Campaign against polio launched
Mr Alex Segbefia, Minister of Health, has called on the district assemblies, stakeholders and the public to assist in this year’s polio campaign to save the lives of children and prevent them from disability.
In a speech read on his behalf, he said although the country had made much strides to end the fight against polio, it cannot be complacent and relent in the efforts made as far as the disease is concerned.
Mr Segbefia said it should rather be a wake-up call and the responsibility of government, civil society groups and parents to ensure that children and babies under age five are free from polio and vaccine preventable diseases.
The minister said this at the launch of the 2015 Sub-national immunisation day campaign against polio in Accra to ensure all children under the stipulated age are properly immunised.
The theme: “Kick Polio out of Ghana for Good life: Vaccinate your child,” is to inform parents on the need to immunise their children for a healthy living and for the upbringing of good future leaders.
The campaign which starts on October 22 to 24 October is to help eradicate polio in the districts if not completely and ensure that no child dies or suffers from the disease.
Mr Segbefia said aside the trained health workers and volunteers administering the two dose vaccines to babies and children below age five, vitamin A capsules would also be given to children who are above six months to boast their immune system for good eye sight.
He said access to safe vaccines is the only one of the myriads of strategies for preventing and controlling diseases and promoting health among children.
It is therefore important to provide children with good food, potable water, adequate sanitation and sound education by government to be able to achieve this.
Dr George Bonsu, Programme Manager, Polio Eradication Initiatives, Ghana Health Service added that immunisation has touted as the best public health intervention ever which has prevented more than two million childhood deaths and a higher number of disabilities annually.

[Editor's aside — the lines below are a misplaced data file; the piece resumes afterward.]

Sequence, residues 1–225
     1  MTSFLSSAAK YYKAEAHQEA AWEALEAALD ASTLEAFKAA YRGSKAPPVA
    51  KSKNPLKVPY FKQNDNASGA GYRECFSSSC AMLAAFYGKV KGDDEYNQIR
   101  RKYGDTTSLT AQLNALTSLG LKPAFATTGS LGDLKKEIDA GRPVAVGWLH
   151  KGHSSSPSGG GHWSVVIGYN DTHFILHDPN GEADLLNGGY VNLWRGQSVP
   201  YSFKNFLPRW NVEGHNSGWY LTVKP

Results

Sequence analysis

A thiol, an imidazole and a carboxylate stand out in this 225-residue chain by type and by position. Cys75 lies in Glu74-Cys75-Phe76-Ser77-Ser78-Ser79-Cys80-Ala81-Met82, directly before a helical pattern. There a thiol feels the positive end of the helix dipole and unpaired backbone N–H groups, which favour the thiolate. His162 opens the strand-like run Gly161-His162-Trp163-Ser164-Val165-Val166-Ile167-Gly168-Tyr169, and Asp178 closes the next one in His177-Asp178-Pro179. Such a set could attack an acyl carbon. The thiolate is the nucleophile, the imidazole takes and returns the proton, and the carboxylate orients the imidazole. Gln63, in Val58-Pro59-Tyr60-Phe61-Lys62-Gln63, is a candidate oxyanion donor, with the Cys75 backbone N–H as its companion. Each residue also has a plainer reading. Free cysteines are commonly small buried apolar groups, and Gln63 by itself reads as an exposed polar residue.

“When we save a child, we have saved the next architect, doctor, president, engineer among others because they are the future leaders of this great nation.”
It is thus important for the collective contributions of all especially chiefs and queen mothers to ensure every child in the communities get immunized to be able to overcome this health challenges, he said.
He said this year’s campaign forms the 50th vaccination campaign being organised and it has proven to be the antidote for eradicating polio in the world hence the need for parents to immunise their children because polio still remain everywhere and anywhere and could affect children when you least expect it.
He also advised parents and guardians to continue with a routine immunisation exercise after the campaign to contain the virus, should it occur locally or be imported.
Dr Prosper Tumusiime, UNICEF and United Nations representative commended Ghana and all stakeholders in the polio eradication initiative and achieving routine vaccination coverage of 90 per cent at national level over the years.
He said even though the main strategy is house to house, efforts must be made to reach all children who may be found in all other places outside the home such as schools, markets, lorry parks among others, saying “there should be no barrier to this exercise because the vaccine is free and safe”.
He called on the service providers to deliver quality service and document best practices from the campaign as UNICEF is committed to provide adequate support for the success of the programme.
“It is interesting to note that we are getting close to eradicating polio as envisaged and with little more effort, we shall cross the bridge.”